April 17, 2001
Several columns lately have dealt with the origin and eventual extinction of the Perry Arts & Humanities Council, a lively organization that once was composed of hundreds of Perry area residents hungering for an occasional cultural event in our community. The impetus came primarily from the opening of the new Perry high school auditorium in 1973. For the first time in years, the auditorium provided a stage worthy of performances by major artists.
During its brief time of existence in the 1970s, the Council succeeded in bringing in some memorable concerts by Tulsa and Oklahoma City symphonic orchestras, a ballet, a solo by local piano virtuoso Anne Sherwood and OCUís Madrigal Singers. Eventually the Cherokee Strip Arts Company (which included many of the former members of the Perry Brush & Palette Club), and Stagecoach Community Theatre embraced the Council. All three groups joined in a united membership drive to raise a small portion of their operating funds.
Before the Arts & Humanities Council came into existence, a group of art enthusiasts had formed the Perry Brush & Palette Club. Its members found a great deal of pleasure in creating water colors, oil paintings, charcoal sketches, or tackling new media to expand their appreciation and love of art. Their instructor, Jacques Hans Gallrein, was a widely known artist and teacher in this area. He spurred his Perry students to reach their potentials, whatever they might be, and he encouraged them in many ways. Later came the Cherokee Strip Arts Company. Eventually the two organizations became one, and they joined the Arts & Humanities Council in a united membership campaign to bolster their finances.
In 1975 the Stagecoach Community Theatre was born with a debut production of the wonderful Rogers & Hammerstein musical, Oklahoma!, as their premier production. They also joined the artists and the A&H Council in conducting a membership drive in this community. Stagecoach is the sole survivor of that group today. Local artists have no organization to assist them with exhibitions or instruction.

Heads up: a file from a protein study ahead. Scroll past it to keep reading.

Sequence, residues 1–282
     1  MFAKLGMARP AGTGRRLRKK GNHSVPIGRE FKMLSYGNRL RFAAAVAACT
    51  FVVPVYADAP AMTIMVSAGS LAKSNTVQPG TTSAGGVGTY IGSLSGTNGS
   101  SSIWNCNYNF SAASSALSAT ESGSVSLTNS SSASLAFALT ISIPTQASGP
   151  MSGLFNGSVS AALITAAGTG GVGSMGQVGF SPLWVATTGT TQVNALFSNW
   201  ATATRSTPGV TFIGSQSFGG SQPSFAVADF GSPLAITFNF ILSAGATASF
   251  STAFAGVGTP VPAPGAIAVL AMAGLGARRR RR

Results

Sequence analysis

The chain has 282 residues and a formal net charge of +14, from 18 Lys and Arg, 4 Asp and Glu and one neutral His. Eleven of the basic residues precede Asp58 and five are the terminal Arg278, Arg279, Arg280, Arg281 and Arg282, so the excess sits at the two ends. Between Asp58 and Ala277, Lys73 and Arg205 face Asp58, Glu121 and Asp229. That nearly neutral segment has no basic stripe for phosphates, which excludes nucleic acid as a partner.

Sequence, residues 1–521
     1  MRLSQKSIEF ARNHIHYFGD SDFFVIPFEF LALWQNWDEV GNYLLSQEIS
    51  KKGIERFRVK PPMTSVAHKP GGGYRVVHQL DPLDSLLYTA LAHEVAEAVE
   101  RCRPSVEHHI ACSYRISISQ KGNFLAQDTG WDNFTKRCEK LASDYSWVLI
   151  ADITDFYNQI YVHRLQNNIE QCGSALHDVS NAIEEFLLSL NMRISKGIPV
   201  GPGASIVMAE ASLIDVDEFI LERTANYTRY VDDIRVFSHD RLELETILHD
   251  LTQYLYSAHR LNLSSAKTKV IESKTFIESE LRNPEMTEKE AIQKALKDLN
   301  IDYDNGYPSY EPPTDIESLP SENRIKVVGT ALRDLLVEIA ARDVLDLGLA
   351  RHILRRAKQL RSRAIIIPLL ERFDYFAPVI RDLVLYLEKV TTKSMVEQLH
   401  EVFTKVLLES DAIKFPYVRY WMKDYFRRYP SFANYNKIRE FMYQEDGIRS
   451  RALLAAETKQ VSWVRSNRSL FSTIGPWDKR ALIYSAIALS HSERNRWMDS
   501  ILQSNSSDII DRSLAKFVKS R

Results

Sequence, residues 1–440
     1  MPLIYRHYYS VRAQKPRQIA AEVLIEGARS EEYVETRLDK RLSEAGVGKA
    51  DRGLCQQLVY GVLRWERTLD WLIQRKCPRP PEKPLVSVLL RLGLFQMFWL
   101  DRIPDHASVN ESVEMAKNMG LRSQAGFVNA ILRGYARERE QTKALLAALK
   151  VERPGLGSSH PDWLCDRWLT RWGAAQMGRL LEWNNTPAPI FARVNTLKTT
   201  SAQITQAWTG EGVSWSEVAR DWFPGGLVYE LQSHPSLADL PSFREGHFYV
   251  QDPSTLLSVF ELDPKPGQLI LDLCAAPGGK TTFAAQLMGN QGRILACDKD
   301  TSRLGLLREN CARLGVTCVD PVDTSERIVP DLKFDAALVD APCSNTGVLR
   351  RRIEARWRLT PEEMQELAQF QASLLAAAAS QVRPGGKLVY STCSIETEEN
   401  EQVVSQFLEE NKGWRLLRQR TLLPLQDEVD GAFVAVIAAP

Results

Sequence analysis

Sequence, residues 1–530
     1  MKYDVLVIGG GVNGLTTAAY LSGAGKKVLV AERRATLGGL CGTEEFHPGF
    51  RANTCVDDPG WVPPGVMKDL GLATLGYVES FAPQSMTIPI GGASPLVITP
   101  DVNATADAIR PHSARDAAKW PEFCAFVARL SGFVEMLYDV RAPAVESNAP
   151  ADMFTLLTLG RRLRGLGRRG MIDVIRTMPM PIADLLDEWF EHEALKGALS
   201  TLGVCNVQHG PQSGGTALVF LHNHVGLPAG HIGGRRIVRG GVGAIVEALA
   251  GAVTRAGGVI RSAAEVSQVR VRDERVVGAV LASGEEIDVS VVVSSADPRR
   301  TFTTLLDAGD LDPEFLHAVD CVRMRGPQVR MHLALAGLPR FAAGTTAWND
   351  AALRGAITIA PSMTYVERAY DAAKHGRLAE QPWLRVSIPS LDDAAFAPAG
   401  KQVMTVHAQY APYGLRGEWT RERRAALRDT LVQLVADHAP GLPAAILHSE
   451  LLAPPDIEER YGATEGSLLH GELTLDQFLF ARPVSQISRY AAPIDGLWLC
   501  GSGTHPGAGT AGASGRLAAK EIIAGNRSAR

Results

To step back in time a bit more, our city also once had a Community Concert Association to help fill the need for an occasional refreshing splash of classical music on feverish Perry brows. This group flourished for a few years in the 1950s, and many other cities of varying sizes still enjoy the benefits of a Community Concert Association. When we were involved, we formed a Perry chapter by selling memberships to individuals and organizations. The dues gave us an operating fund. We received a catalog listing from a subsidiary of Columbia Records showing vocal and instrumental artists who were available, and the fees we would have to pay to bring them here. Because we had a small population base to work from, we could only afford two or three low-priced performers, but we did manage to bring in some legitimate professional talent. A young folk-singer named Susan Reed, who accompanied herself on the zither, was probably the best known artist to perform in the old Perry high school auditorium. In time, interest and memberships lagged, and our Perry Community Concert Association went out of business, as did the art associations and the Arts & Humanities Council several years later.
This has been a very capsulized summary of what happened to those worthy organizations. We owe a salute to those who breathed life into them years ago. They accounted for some memorable evenings of beautiful, soul-satisfying music and art shows. I think we still need that, and perhaps at some future date they will be revived in some format to rejoin our Stagecoach Community Theatre players as cultural icons in the Perry community.